"There are many rugged landscapes in Tasmania, but even though I have travelled around the state photographing them, I was still blown away with how remote and rugged the Cape Grim area is – it's so beautiful and wild," said Sattler. "The mist hovers over the waves and when the sun sets over the water you see amazing vibrant colours setting above the deep blues of the ocean. The fresh salty seaweed smell, rolling tussocky hills and the way the trees are bent out of shape away from the prevailing wind makes it feel like a coastal wilderness."
Kennaook/Cape Grim was an important hunting ground for the Indigenous Pennemuker people (Credit: Tourism Tasmania & Kraig Carlstrom)
Sattler says that the weather, "slaps you in the face in winter, and even in summer I would pop a cardigan on to go to the beach because it can be chilly off the water. The weather is unrelenting but it's what makes the area special."
Kennaook/Cape Grim is part of the ancestral lands of the local Indigenous Pennemuker people, and shell middens scattered along the shores mark where they lingered over millennia.
The Cape Grim massacre in 1828 devastated the local population and caused their near extinction. Today, the Circular Head Aboriginal Corporation facilitates site visits and cultural immersions upon request to educate visitors about this devastating history. Thanks to efforts like this, the Pennemuker people's culture is re-emerging, along with a revival of the local language.
The purity of the environment is a marketer's dream, with entrepreneurs producing everything from bottled rainwater to handcrafted vodka, whiskey and gin. An enterprising local even sells bottled Tasmanian air to provide people in polluted places around the world with a healthy blast of unsullied air (there's around 130 inhalations of fresh Tasmanian air per canister).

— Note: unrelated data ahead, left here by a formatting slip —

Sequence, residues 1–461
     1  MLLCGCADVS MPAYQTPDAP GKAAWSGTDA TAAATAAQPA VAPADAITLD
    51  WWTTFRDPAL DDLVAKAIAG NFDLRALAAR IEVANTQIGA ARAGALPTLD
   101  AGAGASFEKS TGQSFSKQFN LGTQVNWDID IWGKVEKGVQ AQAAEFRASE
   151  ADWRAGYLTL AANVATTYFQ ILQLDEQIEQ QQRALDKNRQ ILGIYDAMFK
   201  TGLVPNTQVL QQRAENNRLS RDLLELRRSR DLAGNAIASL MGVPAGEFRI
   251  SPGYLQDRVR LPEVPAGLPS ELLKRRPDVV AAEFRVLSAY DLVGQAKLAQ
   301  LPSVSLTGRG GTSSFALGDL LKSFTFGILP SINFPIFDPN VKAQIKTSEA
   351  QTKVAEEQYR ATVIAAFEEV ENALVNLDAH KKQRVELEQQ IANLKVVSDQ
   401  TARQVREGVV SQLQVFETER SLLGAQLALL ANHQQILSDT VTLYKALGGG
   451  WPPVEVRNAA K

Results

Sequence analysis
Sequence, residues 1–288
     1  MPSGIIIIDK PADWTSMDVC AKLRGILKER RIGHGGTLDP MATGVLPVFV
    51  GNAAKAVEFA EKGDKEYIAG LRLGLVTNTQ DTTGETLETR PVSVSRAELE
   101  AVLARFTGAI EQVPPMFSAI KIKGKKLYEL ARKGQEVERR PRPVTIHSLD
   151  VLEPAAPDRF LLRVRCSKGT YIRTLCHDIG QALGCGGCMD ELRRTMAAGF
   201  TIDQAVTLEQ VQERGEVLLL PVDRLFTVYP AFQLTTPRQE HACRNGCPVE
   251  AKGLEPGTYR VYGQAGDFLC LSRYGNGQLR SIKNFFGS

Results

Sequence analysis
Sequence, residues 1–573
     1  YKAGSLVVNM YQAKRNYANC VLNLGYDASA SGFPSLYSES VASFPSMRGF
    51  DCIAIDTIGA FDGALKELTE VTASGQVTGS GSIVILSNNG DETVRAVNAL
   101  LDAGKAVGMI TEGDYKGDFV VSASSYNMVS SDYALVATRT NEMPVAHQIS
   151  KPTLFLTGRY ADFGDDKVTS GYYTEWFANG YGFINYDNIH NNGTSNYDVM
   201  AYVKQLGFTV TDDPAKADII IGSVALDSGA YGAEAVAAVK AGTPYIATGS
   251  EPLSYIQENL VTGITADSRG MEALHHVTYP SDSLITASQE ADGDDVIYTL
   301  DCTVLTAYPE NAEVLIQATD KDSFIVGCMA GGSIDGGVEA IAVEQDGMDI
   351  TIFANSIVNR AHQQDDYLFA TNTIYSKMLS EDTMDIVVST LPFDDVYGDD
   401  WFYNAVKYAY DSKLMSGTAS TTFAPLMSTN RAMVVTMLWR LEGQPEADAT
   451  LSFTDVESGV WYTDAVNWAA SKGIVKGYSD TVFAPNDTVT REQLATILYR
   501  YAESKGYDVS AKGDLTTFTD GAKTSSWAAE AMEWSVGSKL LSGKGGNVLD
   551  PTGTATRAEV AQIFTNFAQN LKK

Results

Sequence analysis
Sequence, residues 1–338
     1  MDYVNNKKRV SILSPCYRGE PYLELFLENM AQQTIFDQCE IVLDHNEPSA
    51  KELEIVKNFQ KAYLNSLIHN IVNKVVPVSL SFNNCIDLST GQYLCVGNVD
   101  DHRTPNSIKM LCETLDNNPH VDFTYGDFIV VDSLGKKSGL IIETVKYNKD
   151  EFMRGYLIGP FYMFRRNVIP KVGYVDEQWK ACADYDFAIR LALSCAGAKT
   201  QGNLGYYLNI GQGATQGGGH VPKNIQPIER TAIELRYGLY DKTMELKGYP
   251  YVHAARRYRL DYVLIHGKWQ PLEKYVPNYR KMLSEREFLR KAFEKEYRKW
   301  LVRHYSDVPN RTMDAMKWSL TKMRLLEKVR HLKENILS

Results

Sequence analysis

This north-west region is also where you'll find some of Tasmania's finest produce. A self-drive Tasting Trail takes in tasty treats such as leatherwood honey from Blue Hills Honey, La Cántara artisan cheeses made from 100% Tasmanian milk, Tarkine Fresh oysters, Hursey rock lobster and giant crab. And Cape Grim beef is renowned for being among the best in the world.
One local beef producer, Richard Nicholls, lives on one of the last properties south of Cape Grim. He's lived all his life in the tiny township of Marawah after his grandfather took a punt on a new life, moving across the world from his home in Devon, England.
"The landscape is forever changing in the winds, and we definitely get four seasons," said Nicholls, who looks out onto the wind farm turbines and the CGBAPS from his home. "It's not quite as distinct as in the past, though, they seem to roll into one another now. It's very wet and I've only seen one or two bushfires here in my lifetime."
Through a broken phone line with patchy reception, he told me he likes to take visitors to the 6.5km Green Point beach below his property, where pounding waves sculpt the rocky stretches of coastline and people come to fish and surf in the sometimes-dangerous conditions.
Cape Grim beef is renowned for being among the best in the world (Credit: Olivia Sattler)
"The closest land mass to my property due west is South America, there's roughly 16,000km with nothing between us," said Nicholls. "If the nor-easterly wind blows for a couple of days, most people do go a bit stir crazy – some days the crashing waves really roar."
At night, he says the night skies can be clear as a bell, making for spectacular stargazing.
"It's a natural beauty here," said Nicholls. "If you like the ruggedness of the beach, being off the beaten track with not too many people, it's the place to be. The locals here like the quiet, and like any outback place in Australia – you do get characters but it's generally a friendly and good community."
He said it's the sort of place that's worth coming and having a look: "It's hard to describe it because it's always been home and natural to me, but I've got one place on a high hill that I take visitors to have a look out over the sea and people are just blown away. It has to be the lushest, cleanest and greenest place in the world."